Peter Mack, Director and Professor of the History of the Classical Tradition at the Warburg Institute, gave  a presentation on ‘The Library and Photographic Collection of the Warburg Institute as Research Instruments’ (9 February). Professor Mack’s publications include Renaissance Argument: Valla and Agricola in the Traditions of Rhetoric and Dialectic (1993), Renaissance Rhetoric (1994), Elizabethan Rhetoric: Theory and Practice (2002), Reading and Rhetoric in Montaigne and Shakespeare (2010) and A History of Renaissance Rhetoric 1380-1620 (2011). He extended an invitation to all researchers with interests in cultural and intellectual history, history of art and the relations between cultures to visit the library and the photographic collection (further details, opening hours and entry conditions here).  He gave a short history of the Institute, which began as the Art Historian Aby Warburg’s private library and left Hamburg for London in 1933 to escape the Nazis (a remarkable image of this intellectual emigration can be seen here.) The Institute has a unique standing as a witness to twentieth-century developments in cultural history as well as a rich repository of texts and images; the  unique arrangment of this open stack library can be explored further here. The website also gives details of the programme of lectures and conferences at the Institute.

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Piero di Cosimo, The Forest Fire: with kind permission of the Ashmolean Museum, Oxford

Piero di Cosimo’s The Forest Fire explores the early history of humanity in the spirit of Lucretius’ De rerum natura (see Catherine Whistler and David Bomford, The Forest Fire by Piero di Cosimo). Recent scholarship has been bringing to light the  substantial and neglected presence of Lucretius in early modern culture, and this year’s CEMS conference (May 16-17) takes as its theme The Early Modern Lucretius. Speakers will include Stephen Greenblatt, whose The Swerve: How the Renaissance Began vividly narrates the poem’s rediscovery, Alison Brown, author of The Return of Lucretius to Renaissance Florence, Philip Hardie, author of Lucretian Receptions, David Norbrook, co-editor of a new edition of Lucy Hutchinson’s translation, and Catherine Wilson, author of Epicureanism at the Origins of Modernity. There will be a special session in which manuscript and print editions of Lucretius from the Bodleian Library will be presented by David Butterfield, who is preparing a new edition of the poem. Fuller details and booking are here.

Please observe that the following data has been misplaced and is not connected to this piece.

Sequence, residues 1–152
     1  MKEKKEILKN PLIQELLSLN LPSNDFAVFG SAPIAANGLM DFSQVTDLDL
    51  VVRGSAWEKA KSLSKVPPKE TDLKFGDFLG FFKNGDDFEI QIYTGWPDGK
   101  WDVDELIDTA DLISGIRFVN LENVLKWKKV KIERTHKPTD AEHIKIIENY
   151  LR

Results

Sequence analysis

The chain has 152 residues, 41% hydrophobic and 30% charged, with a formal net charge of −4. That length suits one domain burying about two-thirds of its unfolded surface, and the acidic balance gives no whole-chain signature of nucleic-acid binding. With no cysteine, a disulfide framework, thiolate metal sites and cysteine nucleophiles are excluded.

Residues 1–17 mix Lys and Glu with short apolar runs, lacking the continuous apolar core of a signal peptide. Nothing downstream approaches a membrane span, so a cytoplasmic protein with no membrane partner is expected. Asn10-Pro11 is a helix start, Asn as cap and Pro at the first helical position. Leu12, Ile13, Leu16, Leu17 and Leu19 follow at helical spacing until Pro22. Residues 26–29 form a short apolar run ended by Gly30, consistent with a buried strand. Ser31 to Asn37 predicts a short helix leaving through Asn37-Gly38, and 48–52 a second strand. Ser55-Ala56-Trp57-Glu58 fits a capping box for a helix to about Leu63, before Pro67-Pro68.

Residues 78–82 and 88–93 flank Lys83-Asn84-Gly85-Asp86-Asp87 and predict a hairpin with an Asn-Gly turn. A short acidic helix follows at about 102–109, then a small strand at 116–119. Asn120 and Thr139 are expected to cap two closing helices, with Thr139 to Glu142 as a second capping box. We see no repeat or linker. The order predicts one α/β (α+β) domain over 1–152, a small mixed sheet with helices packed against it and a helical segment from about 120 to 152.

In the latest CEMS seminar on ‘The Universities in Historical Context’, Professor G. R. Evans posed the provocative question ‘Dumbing down’? Did that happen in early modern universities?’.  She began by discussing current debates on standards and quality. Given how hard it is on our own time to infer from  a syllabus or exam paper at what level people are actually being taught, how far is it possible to make such inferences about the past? Her examples ranged from the medieval university to the debates about reform at Oxford in the early nineteenth century. If the question did not allow of a simple answer, it produced valuable debate and a reminder of previous controversies over the public value of higher education: the Edinburgh Review complained in 1810 that ‘When a University has been doing useless things for a long time, it appears at first degrading to them to be useful’’.